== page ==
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Thanks for the checklist Steve. Done r/a is headed my way and am feeling alittle queasy about not boogering it up. My friend helping me assemble is pretty good, part of this whole thing was him teaching me what he knows about putting motors together. Think I have a Butler checklist as well will probably use both. I dont think either mentions mapping the cylinder wall thickness which I bought a tool for .. should've been done before boring anyway but am feeling uneasy about it so will measure and log. I will be doing that once block is home or at least before assy. Did not use block fill and am wondering whether I should at this point. Block is +.060. Also wondering about storage of assembled short block and how I should lubricate everything so it is in good shape to bolt on heads and intake and fire up for next season. Expecting 6 mo or less to get heads completed.

I started my engine dreaming some time ago with 3 on my mind to start and several more in the wings. Wanted to learn enough to build customized engines that please me. This engine features a stroked, chromed forged crank with long rods and short pistons .. fully cryo'd r/a and valve train. The valve train hopefully will feature 7mm SS custom valves in ported factory heads. Will likely be a mule for different induction systems and possibly get boosted down the road apiece.

I hoped to share my experiences as well as get some good tips on the block done-r/a done-assemble at home experience in hopes to be successful doing that this time and how ever many nexts I got in me. My Sportster motor will be done for next year and will feature some of this motor's ideas.
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Old 12-05-19, 01:32PM   #6
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Block filler

https://forums.maxperformanceinc.com...highlight=1997


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Old 12-05-19, 05:55PM   #7
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Quote:
Originally Posted by keith View Post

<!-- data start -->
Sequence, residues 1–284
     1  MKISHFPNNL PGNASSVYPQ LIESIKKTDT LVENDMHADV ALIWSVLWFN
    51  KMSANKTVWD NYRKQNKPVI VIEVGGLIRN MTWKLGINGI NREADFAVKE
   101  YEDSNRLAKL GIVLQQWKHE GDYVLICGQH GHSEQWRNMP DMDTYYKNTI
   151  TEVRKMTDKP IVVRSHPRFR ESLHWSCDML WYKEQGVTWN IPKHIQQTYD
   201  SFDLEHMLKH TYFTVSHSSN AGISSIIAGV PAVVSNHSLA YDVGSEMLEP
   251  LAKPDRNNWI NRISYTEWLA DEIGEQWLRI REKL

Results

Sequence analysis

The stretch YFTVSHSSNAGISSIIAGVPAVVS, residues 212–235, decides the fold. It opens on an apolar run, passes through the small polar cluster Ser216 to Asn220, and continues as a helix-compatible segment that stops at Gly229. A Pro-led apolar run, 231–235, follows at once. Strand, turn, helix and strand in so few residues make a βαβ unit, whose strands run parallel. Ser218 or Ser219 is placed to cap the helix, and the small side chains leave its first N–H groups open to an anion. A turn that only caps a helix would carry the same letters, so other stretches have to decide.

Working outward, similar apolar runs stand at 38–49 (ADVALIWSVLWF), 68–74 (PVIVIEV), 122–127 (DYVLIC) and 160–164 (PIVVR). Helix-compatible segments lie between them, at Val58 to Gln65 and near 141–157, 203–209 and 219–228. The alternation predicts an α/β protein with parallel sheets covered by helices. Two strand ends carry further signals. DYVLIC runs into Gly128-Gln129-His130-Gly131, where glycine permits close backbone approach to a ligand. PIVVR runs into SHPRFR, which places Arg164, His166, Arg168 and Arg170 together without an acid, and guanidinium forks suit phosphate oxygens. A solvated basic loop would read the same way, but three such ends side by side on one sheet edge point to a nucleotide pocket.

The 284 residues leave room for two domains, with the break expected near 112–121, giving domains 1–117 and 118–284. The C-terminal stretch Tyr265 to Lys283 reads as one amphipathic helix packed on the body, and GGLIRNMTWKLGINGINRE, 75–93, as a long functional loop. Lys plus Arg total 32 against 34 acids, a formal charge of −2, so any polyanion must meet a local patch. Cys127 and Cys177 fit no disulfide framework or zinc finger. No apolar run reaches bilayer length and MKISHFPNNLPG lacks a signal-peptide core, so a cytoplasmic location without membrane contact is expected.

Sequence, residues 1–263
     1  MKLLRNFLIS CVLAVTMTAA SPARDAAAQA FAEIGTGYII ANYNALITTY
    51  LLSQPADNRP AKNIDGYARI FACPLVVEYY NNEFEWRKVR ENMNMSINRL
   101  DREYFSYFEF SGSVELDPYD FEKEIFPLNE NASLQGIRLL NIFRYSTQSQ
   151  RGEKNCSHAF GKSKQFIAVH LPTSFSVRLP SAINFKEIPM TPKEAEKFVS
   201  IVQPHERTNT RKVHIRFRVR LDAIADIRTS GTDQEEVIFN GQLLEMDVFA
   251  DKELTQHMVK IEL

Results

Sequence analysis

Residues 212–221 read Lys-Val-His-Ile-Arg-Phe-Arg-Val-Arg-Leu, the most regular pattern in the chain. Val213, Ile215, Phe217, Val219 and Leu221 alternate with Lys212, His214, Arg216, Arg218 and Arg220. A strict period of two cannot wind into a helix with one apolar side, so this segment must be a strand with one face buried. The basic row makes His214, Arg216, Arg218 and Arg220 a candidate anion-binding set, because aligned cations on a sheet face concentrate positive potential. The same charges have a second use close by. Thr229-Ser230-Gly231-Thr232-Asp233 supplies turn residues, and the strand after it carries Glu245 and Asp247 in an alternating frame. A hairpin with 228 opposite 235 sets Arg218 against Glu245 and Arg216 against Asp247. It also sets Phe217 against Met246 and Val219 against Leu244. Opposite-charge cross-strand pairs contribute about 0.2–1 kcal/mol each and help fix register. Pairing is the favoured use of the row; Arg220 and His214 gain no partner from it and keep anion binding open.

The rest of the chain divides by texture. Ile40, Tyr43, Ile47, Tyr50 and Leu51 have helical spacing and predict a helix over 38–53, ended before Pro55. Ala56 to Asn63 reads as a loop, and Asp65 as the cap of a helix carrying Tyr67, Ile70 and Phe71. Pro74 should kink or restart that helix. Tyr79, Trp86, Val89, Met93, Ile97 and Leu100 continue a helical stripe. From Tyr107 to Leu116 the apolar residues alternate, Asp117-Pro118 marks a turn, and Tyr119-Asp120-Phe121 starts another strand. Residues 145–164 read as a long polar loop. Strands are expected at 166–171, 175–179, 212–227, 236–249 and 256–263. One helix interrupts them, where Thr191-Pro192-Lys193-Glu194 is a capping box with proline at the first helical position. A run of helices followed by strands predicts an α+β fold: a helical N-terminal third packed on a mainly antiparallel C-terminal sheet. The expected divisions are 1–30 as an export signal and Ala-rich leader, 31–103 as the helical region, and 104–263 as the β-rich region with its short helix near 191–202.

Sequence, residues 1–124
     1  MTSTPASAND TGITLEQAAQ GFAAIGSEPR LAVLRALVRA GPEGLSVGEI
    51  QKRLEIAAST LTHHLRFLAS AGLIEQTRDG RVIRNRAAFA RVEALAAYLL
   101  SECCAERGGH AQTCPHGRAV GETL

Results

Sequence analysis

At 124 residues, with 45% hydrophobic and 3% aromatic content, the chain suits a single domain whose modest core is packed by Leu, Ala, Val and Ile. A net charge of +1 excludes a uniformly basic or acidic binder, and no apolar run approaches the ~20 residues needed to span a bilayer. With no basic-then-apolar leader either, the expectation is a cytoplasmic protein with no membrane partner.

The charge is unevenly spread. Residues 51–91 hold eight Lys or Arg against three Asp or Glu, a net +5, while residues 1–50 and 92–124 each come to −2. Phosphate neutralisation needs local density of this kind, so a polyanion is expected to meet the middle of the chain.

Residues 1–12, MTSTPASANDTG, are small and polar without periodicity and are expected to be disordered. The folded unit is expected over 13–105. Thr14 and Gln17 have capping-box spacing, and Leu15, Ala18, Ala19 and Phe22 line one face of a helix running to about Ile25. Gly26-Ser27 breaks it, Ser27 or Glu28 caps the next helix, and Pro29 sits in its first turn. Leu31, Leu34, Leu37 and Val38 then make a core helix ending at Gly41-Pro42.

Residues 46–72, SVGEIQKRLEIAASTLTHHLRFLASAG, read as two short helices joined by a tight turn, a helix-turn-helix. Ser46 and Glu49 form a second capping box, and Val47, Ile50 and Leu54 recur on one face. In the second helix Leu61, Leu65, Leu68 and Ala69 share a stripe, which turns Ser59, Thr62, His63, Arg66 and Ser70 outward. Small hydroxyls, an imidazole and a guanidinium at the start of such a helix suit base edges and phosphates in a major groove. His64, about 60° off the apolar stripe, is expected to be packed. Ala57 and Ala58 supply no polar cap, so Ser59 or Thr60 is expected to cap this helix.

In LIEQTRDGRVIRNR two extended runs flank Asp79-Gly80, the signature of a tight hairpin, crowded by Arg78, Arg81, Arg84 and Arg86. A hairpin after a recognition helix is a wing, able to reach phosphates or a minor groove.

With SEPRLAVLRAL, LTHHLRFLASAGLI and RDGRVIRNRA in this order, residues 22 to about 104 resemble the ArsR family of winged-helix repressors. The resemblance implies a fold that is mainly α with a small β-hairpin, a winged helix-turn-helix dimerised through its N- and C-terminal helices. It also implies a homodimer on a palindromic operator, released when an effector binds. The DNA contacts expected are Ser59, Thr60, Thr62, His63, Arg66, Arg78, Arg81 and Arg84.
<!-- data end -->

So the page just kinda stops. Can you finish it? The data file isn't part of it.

Thanks for the checklist Steve. Done r/a is headed my way and am feeling alittle queasy about not boogering it up. My friend helping me assemble is pretty good, part of this whole thing was him teaching me what he knows about putting motors together. Think I have a Butler checklist as well will probably use both. I dont think either mentions mapping the cylinder wall thickness which I bought a tool for .. should've been done before boring anyway but am feeling uneasy about it so will measure and log. I will be doing that once block is home or at least before assy. Did not use block fill and am wondering whether I should at this point. Block is +.060. Also wondering about storage of assembled short block and how I should lubricate everything so it is in good shape to bolt on heads and intake and fire up for next season. Expecting 6 mo or less to get heads completed.

I started my engine dreaming some time ago with 3 on my mind to start and several more in the wings. Wanted to learn enough to build customized engines that please me. This engine features a stroked, chromed forged crank with long rods and short pistons .. fully cryo'd r/a and valve train. The valve train hopefully will feature 7mm SS custom valves in ported factory heads. Will likely be a mule for different induction systems and possibly get boosted down the road apiece.

I hoped to share my experiences as well as get some good tips on the block done-r/a done-assemble at home experience in hopes to be successful doing that this time and how ever many nexts I got in me. My Sportster motor will be done for next year and will feature some of this motor's ideas.
If already bored and honed do not fill it. It changes things. Bores distort different when filled. And you have to add .002 clearance and .002 ring gap.
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Old 12-05-19, 10:26PM   #8
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You can piece together an engine in a wrecking yard and it will run but the working conditions will not give the best results.
-------------------------------------------------------------------------------
Garage reasonably "clean"
Assembly area not being used for grinding or blasting welding or wood working.
Do not have the garage door open when the people next door are doing their yard work with mowers & blowers.
Assembly area should be heated to at least 65 degrees, especially when putting stuff together in winter.

"Ready To Run" mail order balanced rotating assemblies ?
Could be a crap shoot unless the kit's crank main journals are standard size.
This is especially true when original cast cranks are being used for kits.
Even if the crank in the kit is brand new aftermarket material with standard main bearing journal sizes the process below needs to be followed to make sure everything is OK dimensionally.